Legalist: Peter Thiel Backed New Startup that Helps Fund Lawsuits
It’s been a busy few weeks for Peter Thiel. First, news broke that Thiel’s nemesis Gawker is shutting down (and blaming Thiel for its demise). Now, everyone is talking about a new startup that Thiel is backing, that would seemingly make it easier for plaintiffs to pay for civil lawsuits.
The startup is called Legalist. It focuses on litigation finance, which is a fancy way of saying that it funds lawsuits by other people, and then takes a cut of the settlement–up to 50 percent. Legalist isn’t the first company to come up with this idea by any means. But it thinks it has a better shot at identifying the winning cases, by using algorithms to “analyze millions of court cases to source, vet, and finance commercial litigation.”
On its website Legalist explains:
Unlike other litigation finance companies, Legalist uses data-backed methods to select, vet, and invest in litigation. Our algorithms trawl tens of millions of past court cases to accurately and efficiently assess litigation risk. As a result, Legalist is able to make faster decisions, on more cases.
The company was founded by two Harvard undergrads, Eva Shang and Christian Haigh; they were at least partially funded with a $100,000 Thiel Foundation grant. However, it does seem like Legalist is distinct from the kind of lawsuit that Thiel bankrolled against Gawker, brought by Hulk Hogan. Shang told the Guardian: “I used to work for a public defender in DC. We’re not funding criminal cases, nor would I be funding any suits against the media.” She instead floated the idea that Legalist could be used to help in a case like a “bakery damaged by a burst pipe bogged down in costly litigation.”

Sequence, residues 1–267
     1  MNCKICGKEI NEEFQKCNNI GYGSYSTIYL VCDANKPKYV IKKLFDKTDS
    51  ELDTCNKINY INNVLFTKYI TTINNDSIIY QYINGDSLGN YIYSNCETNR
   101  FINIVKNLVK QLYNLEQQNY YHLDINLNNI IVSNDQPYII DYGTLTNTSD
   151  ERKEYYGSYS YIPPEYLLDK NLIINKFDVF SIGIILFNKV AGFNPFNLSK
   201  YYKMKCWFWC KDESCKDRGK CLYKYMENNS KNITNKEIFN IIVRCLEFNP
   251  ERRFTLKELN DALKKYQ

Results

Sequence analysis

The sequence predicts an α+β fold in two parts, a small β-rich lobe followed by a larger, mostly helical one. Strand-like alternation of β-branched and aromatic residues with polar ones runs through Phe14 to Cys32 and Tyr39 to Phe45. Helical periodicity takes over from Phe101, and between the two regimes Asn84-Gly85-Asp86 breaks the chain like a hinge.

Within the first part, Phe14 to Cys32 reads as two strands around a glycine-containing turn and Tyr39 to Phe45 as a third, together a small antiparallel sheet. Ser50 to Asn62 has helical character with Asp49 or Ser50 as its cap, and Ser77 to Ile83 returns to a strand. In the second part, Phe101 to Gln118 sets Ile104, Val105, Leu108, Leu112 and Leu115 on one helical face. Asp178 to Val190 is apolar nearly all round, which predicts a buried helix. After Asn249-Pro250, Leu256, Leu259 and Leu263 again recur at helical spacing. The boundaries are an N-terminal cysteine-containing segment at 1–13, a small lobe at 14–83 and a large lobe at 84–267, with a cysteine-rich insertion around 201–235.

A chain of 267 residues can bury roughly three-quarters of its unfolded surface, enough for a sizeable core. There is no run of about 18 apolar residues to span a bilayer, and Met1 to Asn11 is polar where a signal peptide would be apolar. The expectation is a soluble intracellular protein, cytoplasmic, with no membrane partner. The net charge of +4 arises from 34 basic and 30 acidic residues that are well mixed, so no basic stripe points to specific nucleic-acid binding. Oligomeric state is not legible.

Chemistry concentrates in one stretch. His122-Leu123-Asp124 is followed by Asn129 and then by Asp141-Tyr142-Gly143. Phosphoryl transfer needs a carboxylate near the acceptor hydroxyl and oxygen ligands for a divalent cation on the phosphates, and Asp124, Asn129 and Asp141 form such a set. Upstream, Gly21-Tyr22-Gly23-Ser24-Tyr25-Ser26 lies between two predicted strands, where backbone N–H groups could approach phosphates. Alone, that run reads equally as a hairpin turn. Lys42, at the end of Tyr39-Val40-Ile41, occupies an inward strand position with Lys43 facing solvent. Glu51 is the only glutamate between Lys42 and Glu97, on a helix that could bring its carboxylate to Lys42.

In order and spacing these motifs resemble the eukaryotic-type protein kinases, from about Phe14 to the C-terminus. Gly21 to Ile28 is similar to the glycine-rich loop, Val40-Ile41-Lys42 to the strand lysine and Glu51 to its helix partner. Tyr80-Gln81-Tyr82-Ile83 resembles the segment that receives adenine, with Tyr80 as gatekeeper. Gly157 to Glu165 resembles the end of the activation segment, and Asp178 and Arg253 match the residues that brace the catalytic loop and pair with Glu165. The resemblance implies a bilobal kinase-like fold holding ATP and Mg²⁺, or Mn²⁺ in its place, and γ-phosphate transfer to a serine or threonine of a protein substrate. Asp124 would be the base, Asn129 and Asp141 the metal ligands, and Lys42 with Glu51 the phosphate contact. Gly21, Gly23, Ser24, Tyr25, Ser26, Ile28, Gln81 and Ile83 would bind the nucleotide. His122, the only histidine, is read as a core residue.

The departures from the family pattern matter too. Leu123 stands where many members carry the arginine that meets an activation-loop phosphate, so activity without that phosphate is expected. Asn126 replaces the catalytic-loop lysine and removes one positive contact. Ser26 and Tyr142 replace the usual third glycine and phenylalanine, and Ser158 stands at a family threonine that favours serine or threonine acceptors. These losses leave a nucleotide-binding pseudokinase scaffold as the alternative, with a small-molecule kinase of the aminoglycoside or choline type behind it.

While Legalist’s aims appear to be good, the fact that Thiel is at all involved has garnered a lot of attention, and it’s not hard to imagine why. Thiel bankrolling Hogan’s lawsuit against Gawker, and Gawker’s subsequent bankruptcy and downfall, have worried a lot of people. For example, Trevor Timm of the Daily Dot wrote an excellent and thoughtful (albeit snarky) list of questions for people “cheering Gawker’s demise.” Dan Kennedy, an associate professor at Northwestern’s School of Journalism said as part of an answer in an interview:
Regardless of what you think of Gawker, we should be worried that wealthy interests can secretly use the legal system to destroy media organizations they don’t like. In that sense, the Gawker case sets a dangerous precedent.